You’d definitely want to be an adrenaline junky to try this one, or you just might give yourself a heart attack.

Also make sure that you are equipped to survive, with the necessary protocol, physical health, and overall know-how!

5. Give Hanggliding and Paragliding a Shot (Take to the Sky)

hanggliding

Among the best adrenaline activities for thrill-seekers, hang-gliding and paragliding are easily one of the most popular!

You might even have a location near you, where you see the triangle hang gliders and c-shaped paragliders taking to the sky.

Just make sure that you start out somewhere with trustworthy winds and a secure landing point, suitable for a beginner!

6. Visit a Theme Park

rollercoaster ride for thrill seekers

There’s nothing that quite compares to a good, old-fashioned roller coaster.

Except, perhaps, an updated and modern theme park! Places like Six Flags have hundred-foot-tall rides with top-speed, big drops, and everything a budding adrenaline-junky could ask for!

7. Volunteer With Big Cats (This One Isn’t as Scary But Still Has Some Real Danger)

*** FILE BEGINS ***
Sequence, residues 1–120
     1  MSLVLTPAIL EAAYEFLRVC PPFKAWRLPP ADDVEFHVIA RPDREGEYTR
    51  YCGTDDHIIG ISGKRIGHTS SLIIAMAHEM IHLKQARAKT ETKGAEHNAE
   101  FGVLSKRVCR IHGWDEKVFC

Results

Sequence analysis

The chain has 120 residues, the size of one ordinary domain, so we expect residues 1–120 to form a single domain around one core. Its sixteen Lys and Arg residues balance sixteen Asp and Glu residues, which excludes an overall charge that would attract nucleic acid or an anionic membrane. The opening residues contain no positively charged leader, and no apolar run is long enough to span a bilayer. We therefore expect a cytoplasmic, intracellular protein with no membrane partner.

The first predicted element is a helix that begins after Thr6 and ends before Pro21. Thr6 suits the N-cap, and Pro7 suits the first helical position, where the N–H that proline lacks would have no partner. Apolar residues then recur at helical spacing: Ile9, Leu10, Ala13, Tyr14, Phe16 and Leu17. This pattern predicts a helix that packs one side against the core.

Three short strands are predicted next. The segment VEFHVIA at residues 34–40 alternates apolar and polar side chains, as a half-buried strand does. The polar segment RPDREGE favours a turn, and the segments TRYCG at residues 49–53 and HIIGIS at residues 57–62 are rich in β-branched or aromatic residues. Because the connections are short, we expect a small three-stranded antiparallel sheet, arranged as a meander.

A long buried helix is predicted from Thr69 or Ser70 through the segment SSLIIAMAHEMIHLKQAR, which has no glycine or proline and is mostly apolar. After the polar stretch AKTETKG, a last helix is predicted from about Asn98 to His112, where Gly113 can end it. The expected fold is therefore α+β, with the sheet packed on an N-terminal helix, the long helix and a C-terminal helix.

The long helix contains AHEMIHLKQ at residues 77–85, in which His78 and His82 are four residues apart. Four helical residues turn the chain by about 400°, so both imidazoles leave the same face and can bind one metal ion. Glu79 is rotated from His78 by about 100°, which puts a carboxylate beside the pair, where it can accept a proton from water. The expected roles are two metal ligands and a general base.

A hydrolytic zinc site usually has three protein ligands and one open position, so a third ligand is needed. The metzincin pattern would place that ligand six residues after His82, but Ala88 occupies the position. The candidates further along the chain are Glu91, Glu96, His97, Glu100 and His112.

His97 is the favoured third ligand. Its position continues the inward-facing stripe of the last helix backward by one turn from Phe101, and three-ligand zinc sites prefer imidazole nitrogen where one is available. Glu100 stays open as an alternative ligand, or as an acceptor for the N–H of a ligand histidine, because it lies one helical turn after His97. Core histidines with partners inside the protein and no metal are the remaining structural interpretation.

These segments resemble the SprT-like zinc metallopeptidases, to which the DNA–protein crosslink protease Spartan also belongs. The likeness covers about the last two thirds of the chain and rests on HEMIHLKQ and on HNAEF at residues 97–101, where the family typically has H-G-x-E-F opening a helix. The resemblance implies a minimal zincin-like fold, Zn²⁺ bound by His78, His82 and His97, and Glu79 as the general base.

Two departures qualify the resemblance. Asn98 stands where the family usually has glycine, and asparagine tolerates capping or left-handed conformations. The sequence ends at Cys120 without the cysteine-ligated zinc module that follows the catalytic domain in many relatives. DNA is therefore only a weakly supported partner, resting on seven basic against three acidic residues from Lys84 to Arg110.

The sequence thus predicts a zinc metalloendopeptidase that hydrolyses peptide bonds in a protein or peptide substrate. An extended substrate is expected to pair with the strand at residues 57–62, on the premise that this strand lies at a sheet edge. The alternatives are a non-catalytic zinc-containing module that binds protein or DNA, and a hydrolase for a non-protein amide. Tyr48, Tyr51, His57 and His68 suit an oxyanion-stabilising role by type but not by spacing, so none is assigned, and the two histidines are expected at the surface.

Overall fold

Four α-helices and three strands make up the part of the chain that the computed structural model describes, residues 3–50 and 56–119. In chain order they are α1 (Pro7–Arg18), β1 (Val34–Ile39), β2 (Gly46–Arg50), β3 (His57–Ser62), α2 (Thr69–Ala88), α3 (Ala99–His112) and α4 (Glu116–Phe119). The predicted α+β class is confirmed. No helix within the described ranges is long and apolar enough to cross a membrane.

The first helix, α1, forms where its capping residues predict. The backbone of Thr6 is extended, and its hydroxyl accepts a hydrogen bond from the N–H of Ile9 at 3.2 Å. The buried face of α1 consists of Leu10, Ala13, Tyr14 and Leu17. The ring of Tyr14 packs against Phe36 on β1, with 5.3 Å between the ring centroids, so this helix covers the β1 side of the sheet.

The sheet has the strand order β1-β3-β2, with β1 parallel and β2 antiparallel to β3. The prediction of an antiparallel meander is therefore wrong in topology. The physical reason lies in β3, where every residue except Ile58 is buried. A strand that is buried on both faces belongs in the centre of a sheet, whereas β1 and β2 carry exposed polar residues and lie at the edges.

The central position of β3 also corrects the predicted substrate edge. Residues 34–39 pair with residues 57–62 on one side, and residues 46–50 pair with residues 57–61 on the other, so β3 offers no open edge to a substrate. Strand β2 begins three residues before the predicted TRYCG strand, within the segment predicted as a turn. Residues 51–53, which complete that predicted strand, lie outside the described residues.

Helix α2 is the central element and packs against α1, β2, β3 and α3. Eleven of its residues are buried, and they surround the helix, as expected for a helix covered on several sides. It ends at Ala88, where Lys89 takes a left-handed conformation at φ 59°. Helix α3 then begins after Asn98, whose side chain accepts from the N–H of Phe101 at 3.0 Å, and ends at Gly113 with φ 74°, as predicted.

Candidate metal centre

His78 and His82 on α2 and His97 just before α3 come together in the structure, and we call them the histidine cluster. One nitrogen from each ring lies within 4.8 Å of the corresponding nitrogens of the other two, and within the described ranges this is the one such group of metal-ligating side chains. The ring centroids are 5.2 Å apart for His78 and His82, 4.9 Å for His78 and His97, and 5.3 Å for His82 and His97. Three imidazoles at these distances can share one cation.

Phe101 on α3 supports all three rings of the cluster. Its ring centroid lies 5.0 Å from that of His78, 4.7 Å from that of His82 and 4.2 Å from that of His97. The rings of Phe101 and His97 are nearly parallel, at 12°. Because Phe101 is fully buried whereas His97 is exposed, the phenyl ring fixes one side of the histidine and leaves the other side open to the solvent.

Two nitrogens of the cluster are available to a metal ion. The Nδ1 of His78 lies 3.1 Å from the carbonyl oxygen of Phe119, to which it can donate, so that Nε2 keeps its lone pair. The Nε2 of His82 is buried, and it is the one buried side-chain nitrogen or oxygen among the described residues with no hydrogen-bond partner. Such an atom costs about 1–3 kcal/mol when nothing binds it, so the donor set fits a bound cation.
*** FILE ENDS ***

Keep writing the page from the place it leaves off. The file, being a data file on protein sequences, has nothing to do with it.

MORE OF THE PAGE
big cats

Big cats are basically nature’s perfect predator. They can bring down anything from a speedy rabbit to a strong and bulky ox. These animals are grand, powerful, and beautiful, and they know it.

Interacting with the sometimes-erratic (wild) beasts is a great honor, and it also brings an exciting, real sense of danger!

8. Try Volcano Boarding/Volcano Surfing (It’s Exactly What It Sounds Like)

volcano boarding
Image credits here

Volcano boarding is exactly what it sounds like, which is boarding on a volcano, The surface of a volcano can be glassy and slippery or ashy and dusty, making for an ideal (depending on what you consider ideal) surface for boarding.

Just remember to don protective goggles in case of dust, as well as the standard thick orange suit. While volcano surfing can be quite safe when done correctly.

Always follow a straight path with an even surface down the volcano. You can use your feet for breaks/steering if you need to slow - your control will be quite limited, however!

This, along with the fact that you’re on a dangerous, explosive landmass, might just provide the thrill you’re looking for!

9. Try Parkour

parkour